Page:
I stuff down the cookies as if the faster I eat the more I can distance myself from the misery that has bubbled to the surface.
“Write about it,” my psychologist suggests as she ushers me out of the door, our session having run past the allotted time.
I told her about the weekend I went missing. Forty-five years later, and much of it still traumatic. It’s the first time I’ve disclosed anything but vague references to her. I knew it was time. Ever since Christine Blasey Ford’s trial by patriarchy, it has been rising up in me, threatening my equilibrium. And then I crashed – physically, energetically, and emotionally – the day before my appointment.
“Anything coming up for you?” she asked cautiously, after having remarked on my apparent fatigue. I’d previously been having some dreams that alluded to abuse.
“Yes!” And the details rose, like a ribbon of acid, crossing an arid, unrelenting desert. She got me a glass of water and then made notes.
“So, he was a very organized psychopath,” she concluded.
“Well, I wasn’t the first according to the police.”
I couldn’t remember all the details, knew there were holes in my story, but the memories that remained were vivid.
“That’s typical of memory,” she said kindly. “Actually, you remembered quite a bit. Normally, it’s the moments in which the victim thought their life was in peril that stand out the most.”
“There were many of those,” I try to laugh, make light of it, but it gets caught in my throat and comes out as a sob.
“For eight to ten hours, you were held by this man, powerless to save yourself, in threat of death. It was a traumatic experience.”
She puts it in such simple, clear-cut terms that calm the emotional vortex.
“So the police knew about this man, but didn’t do anything about it?”
“No. They said I could press charges but I wouldn’t win. I’d been drinking underage, and I was wearing a halter top and tight jeans.”
“That has nothing to do with it! If he’d stabbed you none of that would have been a consideration.”
I know what she means. I’d been over this before in my own mind many times.
“It bothers me that I didn’t press charges,” I tell her. “I didn’t stop him. He would have done it again.”
“Survivor’s guilt,” she offers softly. “I can tell you as someone who has been involved in many of these cases over the years, that the police were negligent in their investigation, and you could not have made a difference. Sadly, it’s not much different today.”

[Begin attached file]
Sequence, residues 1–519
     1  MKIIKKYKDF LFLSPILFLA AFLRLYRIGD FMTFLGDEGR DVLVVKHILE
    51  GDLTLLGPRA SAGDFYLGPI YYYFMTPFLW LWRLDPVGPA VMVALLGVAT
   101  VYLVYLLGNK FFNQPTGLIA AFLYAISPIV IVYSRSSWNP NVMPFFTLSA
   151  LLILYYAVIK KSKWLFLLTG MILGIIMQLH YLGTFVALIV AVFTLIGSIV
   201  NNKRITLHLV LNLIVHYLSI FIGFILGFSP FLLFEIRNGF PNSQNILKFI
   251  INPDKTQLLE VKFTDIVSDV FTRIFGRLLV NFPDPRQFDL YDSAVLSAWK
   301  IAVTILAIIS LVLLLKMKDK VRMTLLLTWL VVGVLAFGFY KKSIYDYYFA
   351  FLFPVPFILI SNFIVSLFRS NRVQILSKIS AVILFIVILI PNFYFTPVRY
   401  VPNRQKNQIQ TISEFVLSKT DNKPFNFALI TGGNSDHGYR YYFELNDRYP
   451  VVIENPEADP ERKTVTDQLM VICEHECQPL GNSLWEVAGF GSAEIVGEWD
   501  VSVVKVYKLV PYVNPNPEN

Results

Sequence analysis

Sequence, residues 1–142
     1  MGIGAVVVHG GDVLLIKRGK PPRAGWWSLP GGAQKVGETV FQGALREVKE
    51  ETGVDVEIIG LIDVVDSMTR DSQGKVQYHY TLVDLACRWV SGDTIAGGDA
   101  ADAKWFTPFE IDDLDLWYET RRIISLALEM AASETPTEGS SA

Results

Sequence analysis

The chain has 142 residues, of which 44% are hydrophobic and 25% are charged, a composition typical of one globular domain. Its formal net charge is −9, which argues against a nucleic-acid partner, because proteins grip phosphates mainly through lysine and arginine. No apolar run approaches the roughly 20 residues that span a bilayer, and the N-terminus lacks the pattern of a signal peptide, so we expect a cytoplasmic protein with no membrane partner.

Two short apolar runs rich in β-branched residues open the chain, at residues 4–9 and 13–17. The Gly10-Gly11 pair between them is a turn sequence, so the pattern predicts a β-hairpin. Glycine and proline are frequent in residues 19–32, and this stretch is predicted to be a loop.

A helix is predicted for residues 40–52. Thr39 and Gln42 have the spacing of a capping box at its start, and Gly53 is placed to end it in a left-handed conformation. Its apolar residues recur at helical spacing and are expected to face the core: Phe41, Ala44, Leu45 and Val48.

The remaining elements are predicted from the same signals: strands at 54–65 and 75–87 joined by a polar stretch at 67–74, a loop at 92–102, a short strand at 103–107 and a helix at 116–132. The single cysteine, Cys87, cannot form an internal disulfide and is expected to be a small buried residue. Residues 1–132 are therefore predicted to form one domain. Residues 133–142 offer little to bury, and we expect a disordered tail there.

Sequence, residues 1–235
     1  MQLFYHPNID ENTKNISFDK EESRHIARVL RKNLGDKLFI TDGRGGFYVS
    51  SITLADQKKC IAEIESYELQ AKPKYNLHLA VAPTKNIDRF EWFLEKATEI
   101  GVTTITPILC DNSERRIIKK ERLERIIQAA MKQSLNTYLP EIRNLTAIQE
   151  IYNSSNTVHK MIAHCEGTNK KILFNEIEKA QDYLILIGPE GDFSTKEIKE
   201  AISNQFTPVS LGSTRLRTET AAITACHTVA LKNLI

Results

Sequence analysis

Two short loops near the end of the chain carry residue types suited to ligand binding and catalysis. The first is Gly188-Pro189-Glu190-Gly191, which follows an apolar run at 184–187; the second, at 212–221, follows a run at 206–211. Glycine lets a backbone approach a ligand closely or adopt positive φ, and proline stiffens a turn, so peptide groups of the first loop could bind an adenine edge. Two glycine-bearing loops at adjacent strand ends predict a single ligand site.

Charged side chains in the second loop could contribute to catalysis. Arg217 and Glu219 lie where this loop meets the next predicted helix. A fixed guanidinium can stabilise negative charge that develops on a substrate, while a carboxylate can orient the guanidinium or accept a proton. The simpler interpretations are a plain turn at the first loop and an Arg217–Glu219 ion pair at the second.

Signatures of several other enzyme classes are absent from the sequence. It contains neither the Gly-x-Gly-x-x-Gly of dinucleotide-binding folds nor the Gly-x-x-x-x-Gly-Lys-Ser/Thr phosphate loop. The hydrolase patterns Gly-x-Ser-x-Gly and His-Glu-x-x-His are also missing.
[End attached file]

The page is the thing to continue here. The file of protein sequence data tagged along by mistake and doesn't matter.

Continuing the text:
There had been no rape kit done, no trip to the hospital. They just put a very traumatized kid back on the bus to her parents. Told my parents I’d spent the night with a man, as if I’d gone voluntarily.
My mother didn’t talk to me for some time afterwards, and my father called me a “whore” then slammed the car door. It wasn’t spoken of again as long as lived under their roof.
“The other thing that’s bothering me,” I start to tell her but it gets caught. She waits.
“I had a good friend at the time; someone I was very close to. After this happened, he asked me out, and I….I couldn’t let myself…I said no…”
“It was the shame. Your father sealed that for you. You felt like damaged goods.”
“Always. I’ve always felt like damaged goods. It’s coloured all the choices I’ve made in my life. I dream about the friend often… feel bad that I hurt him…have regrets….It’s like I couldn’t allow myself to be happy….”
Our time is up and I leave the office still teary-eyed and raw. Ric doesn’t ask how the session went; he can tell it was painful.
“You just want to go home?” he asks kindly.
I do. I am exhausted on every level. I feel battered, as if I’ve been through it all again.
At home, I sit with a tub of chocolate ice cream and read blog posts hoping for a distraction to take the edge off, and that’s when I come across these words:
– Hélène Vaillant
And Hélène’s words reach through the ethers and take me by the hand, and I am so grateful for this world that brings us into each other’s lives, despite the distances. The words wrap around me and remind me that this revelation, this time of disclosure, and the ensuing discomfort are just labour pains. I am ready to “embrace new understanding.”
(Hélène’s original poem is here. Every week, I challenge my readers and myself to focus on some aspect of life that contributes (potentially) to our understanding and growth. This week’s challenge is distance.)